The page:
The logistical task for the election commission is daunting. The last election materials are reportedly arriving today or tomorrow and have to be distributed to 210 distribution centers. The United Nations has mobilized its substantial fleet of airplanes and helicopters, but the materials will have to be distributed to 64,000 polling centers. In addition, the Congolese government has been able to obtain crucial support from both the Angolan and South African governments, who are deploying aircraft to the country, as well.
In the absence of reliable opinion polls, Jason Stearns also attempted the difficult task of forecasting the outcomes of the elections (Stearns also clarifies that he does not attempt to predict a winner but merely identify the trends in the campaign). He sums up his analysis thus:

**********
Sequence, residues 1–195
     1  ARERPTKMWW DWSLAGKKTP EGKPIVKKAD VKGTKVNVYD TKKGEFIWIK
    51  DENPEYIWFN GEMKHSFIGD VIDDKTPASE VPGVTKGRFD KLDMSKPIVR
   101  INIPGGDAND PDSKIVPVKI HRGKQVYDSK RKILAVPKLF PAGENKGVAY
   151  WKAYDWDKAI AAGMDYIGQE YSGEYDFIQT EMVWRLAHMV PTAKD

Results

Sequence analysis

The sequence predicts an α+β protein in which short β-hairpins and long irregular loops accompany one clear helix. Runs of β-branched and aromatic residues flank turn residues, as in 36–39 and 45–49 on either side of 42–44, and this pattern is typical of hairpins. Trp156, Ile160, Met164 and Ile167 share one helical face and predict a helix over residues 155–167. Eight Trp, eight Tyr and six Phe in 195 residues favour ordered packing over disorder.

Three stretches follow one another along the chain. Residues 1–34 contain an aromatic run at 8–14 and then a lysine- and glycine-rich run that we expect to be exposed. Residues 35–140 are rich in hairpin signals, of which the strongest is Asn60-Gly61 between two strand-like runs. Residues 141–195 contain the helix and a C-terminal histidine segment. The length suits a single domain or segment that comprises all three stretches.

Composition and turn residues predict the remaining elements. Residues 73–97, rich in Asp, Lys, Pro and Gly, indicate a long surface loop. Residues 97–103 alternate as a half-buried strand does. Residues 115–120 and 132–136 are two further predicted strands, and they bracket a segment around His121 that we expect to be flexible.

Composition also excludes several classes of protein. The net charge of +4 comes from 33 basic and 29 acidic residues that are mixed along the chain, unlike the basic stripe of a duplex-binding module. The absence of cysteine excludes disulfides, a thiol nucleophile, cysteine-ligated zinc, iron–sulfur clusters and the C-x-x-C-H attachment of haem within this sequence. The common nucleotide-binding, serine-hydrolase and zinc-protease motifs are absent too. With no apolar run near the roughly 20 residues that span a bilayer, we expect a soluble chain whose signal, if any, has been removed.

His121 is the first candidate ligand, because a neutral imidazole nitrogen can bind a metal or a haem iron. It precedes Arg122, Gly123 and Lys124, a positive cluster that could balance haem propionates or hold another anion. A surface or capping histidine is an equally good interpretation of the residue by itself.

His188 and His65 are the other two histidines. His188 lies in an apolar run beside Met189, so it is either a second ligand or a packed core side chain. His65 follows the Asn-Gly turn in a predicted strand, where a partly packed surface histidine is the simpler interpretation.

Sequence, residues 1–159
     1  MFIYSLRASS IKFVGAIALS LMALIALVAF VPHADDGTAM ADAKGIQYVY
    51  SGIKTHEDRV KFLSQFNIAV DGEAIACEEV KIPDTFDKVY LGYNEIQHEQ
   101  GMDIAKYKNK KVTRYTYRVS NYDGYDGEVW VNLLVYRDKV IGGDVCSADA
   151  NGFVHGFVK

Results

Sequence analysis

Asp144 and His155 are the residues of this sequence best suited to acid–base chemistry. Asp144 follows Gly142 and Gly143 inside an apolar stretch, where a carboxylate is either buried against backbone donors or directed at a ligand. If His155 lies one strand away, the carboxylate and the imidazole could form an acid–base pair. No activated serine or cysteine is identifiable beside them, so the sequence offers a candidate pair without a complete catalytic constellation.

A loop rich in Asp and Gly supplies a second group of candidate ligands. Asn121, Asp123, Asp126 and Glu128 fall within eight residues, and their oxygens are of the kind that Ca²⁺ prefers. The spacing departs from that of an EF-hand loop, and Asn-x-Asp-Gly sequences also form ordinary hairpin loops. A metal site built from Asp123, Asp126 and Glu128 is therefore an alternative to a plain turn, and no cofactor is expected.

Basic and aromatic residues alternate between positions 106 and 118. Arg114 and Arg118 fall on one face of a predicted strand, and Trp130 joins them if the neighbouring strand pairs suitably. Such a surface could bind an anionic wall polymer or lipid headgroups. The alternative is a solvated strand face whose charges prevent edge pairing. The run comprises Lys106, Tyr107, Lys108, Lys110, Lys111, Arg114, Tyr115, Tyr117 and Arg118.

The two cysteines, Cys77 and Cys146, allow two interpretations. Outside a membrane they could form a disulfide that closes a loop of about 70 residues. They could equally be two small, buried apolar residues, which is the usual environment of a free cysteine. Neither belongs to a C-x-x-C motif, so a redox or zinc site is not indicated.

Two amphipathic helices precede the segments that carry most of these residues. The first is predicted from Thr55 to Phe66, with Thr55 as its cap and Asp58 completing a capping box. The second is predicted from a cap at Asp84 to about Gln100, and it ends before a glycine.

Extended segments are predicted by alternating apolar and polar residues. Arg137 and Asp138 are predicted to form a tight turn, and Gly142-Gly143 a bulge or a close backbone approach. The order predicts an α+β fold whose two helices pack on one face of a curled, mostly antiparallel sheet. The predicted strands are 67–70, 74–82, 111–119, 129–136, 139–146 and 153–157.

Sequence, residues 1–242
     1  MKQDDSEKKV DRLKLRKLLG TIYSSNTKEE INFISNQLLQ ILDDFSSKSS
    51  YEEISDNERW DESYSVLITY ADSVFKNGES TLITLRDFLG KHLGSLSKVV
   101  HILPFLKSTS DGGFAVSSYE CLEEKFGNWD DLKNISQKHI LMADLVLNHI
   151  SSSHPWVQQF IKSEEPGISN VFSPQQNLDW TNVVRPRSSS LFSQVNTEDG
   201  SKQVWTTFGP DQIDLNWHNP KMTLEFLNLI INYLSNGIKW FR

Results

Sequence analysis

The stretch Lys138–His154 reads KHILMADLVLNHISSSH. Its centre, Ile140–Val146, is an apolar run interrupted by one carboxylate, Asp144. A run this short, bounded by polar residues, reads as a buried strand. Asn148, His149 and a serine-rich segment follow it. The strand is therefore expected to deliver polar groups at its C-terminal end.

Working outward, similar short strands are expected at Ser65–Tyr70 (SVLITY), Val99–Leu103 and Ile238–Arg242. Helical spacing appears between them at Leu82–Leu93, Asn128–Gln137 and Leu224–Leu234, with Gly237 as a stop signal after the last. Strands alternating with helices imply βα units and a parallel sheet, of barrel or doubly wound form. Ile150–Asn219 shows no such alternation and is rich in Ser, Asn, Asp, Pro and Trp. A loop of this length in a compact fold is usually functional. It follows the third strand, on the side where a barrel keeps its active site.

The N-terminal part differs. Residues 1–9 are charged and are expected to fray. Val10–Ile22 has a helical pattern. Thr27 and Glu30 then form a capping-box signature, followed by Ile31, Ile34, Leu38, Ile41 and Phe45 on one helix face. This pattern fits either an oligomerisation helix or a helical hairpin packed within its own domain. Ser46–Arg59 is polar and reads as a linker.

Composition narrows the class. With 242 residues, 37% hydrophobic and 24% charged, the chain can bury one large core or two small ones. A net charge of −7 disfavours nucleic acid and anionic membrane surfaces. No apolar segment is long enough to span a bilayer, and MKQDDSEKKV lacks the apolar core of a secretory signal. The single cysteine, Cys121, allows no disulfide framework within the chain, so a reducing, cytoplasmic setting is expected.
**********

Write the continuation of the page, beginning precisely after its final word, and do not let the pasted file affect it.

If you take these projections and weight them by the population of the provinces, you can conclude that it will be a close race between Kabila and Tshisekedi. Turnout will be crucial, as will the extent to which disaffection with the current government will translate into votes for opposition candidates. A last-minute endorsement by Bemba and coalitions among opposition candidates could also sway the vote.
Didier Muhama who blogs at Now African, reports on an informal poll conducted in almost all the neighborhoods of Goma (except Mugunga):
Out of a bit over 500 people from 18 to 24 years old, the following question was asked: who will you vote for? Out of the 500 participants, Joseph Kabila got 52, Vital Kamerhe 323 and Tshisekedi 120 while the other 8 candidates got a total of 25. I decided to conduct my own little inquiry…